Vin Scully memories from the media: Derrick Hall

A shot of the Dodgers' press box from the 1990s: Derrick Hall, right, sits next to Jay Lucas as Vin Scully (checkered shirt, center) makes his way to visit with writers such as Gordie Verrell and Terry Johnson. (Photo by Jon SooHoo/Dodgers)

A shot of the Dodgers’ press box from the 1990s: Derrick Hall, right, sits next to Jay Lucas as Vin Scully (checkered shirt, center) makes his way to visit with writers such as Gordie Verrell and Terry Johnson. (Photo by Jon SooHoo/Dodgers)

They have been Vin Scully’s colleagues in the team’s media-related world. As a week-long tribute to Scully begins at Dodger Stadium for his final seven home games, these are some of their stories:

derrick-hall1It would not have been all the surprising to some if Derrick Hall, the current president and CEO of the Arizona Diamondbacks, had emerged as the one who ended up replacing Bud Selig as the MLB Commissioner when the spot opened a couple years back.
Before he received an eight-year contract extension to remain with the franchise, Hall, born in L.A., came up through the Dodgers’ organization, spending 12 seasons with the team, advancing to Senior Vice President of Communications before departing during the McCourt reign in 2004.
With a broadcasting and communications background that led to several on-air TV and radio positions in the L.A. media market, and having no reservations in believing Scully is the greatest broadcaster he has ever heard, Hall has these memories to share: Continue reading

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The last week for Vin Scully at home

ap_746294413025At some point during a week-long series of events to celebrate his final games at Dodger Stadium, Vin Scully might need fans to come to his emotional rescue.
“I think I’ve got them in check, but you never really know,” the Dodgers’ 88-year-old Hall of Fame broadcaster said Monday about how sentimentality will factor into the days leading up to when he calls the Dodgers-Colorado Rockies game on “Fan Appreciation” game Sunday afternoon, marking the end of the Dodgers’ homestand and his last trip to the Vin Scully Press Box to work as a broadcaster.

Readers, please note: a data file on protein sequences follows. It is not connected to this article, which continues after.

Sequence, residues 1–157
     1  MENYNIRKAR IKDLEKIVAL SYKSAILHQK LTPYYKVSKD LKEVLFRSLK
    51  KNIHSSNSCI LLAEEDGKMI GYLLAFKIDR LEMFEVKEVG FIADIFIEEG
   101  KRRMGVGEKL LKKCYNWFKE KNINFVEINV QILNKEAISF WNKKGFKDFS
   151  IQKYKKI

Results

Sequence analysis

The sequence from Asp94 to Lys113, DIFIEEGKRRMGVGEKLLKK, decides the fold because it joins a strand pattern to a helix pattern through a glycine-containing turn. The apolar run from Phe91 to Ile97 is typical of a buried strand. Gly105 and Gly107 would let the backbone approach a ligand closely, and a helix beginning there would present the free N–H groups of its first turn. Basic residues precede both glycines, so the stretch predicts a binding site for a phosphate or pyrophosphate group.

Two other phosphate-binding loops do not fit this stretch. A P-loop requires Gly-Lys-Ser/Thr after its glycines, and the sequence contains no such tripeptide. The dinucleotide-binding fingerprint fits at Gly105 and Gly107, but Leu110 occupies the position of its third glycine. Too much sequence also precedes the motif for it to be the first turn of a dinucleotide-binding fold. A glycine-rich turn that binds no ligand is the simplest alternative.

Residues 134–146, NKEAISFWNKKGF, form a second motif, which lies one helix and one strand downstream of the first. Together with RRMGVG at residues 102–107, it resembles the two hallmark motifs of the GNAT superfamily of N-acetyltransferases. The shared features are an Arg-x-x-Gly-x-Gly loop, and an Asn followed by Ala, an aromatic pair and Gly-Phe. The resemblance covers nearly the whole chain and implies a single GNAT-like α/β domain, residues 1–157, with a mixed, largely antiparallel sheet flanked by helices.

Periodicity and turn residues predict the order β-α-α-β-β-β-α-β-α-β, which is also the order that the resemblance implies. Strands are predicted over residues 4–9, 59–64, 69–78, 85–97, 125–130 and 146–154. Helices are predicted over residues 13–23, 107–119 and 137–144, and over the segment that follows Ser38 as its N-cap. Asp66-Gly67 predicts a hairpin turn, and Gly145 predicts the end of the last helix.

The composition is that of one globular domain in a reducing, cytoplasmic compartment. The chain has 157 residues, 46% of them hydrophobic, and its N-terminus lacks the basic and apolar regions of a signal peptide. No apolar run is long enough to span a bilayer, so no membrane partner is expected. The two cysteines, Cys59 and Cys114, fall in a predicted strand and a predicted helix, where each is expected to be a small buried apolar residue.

“I don’t think I’m going to stress anything about me. I will just try to do the game. I really will. I will concentrate on (the Rockies) as if they’re challenging the Dodgers for first place, and the game will take its place and hopefully carry me along with it to the very end.
“I think I’ll be OK.”
More at this link …

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Vin Scully memories from the media: Fred Claire

They have been Vin Scully’s colleagues in the team’s media-related world. As a week-long tribute to Scully begins at Dodger Stadium for his final seven home games, these are some of their stories:

51ym310p59lLong before his time as the Dodgers’ general manager from 1987-98, Fred Claire came into the Vin Scully circle from a job a sports writer and then as a team public relations employee in 1969. The Torrance High grad and El Camino College student had covered sports for the Whittier Daily News, Pomona Progress-Bulletin and the Long Beach Press-Telegram, and was eventually the VP of Communications before moving into the GM spot in the aftermath of the Al Campanis exit.
Claire, author of the 2004 book on his 30 years with the franchise, shares this:

“I probably first met Vin when I was a young sports editor of the Pomona Progress-Bulletin and covered the Dodgers in their initial season in Los Angeles in 1958 and then the World Series at the Coliseum in 1959. I can’t recall the first meeting, and yet I can’t recall a time when I didn’t feel as though I knew him and considered him to be a friend.
“In reality for those of us who love baseball, or even those who have had a casual or summer time fling with the game, Vin always has been there. His voice has been the voice of Summer for so many thousands of fans, generations of fans, who live or have lived in Southern California.